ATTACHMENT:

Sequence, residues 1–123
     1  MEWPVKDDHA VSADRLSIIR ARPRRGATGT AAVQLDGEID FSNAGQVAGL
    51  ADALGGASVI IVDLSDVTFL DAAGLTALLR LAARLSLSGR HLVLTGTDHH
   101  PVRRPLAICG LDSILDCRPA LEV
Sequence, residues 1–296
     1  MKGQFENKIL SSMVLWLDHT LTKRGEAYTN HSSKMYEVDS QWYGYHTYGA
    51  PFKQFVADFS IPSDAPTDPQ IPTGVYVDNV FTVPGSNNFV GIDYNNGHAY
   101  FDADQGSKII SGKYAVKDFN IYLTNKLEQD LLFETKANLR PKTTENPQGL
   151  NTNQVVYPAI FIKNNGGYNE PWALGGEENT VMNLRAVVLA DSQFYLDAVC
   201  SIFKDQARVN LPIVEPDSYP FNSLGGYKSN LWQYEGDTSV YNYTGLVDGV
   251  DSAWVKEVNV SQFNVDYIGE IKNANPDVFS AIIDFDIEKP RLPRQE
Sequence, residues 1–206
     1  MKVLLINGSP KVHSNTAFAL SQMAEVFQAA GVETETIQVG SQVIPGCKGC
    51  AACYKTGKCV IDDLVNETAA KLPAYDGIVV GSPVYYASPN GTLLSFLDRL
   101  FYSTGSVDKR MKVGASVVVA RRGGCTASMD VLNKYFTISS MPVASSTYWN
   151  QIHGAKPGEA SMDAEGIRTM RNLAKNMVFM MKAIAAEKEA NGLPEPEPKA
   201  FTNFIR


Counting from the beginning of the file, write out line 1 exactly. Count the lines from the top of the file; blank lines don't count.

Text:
Sequence, residues 1–123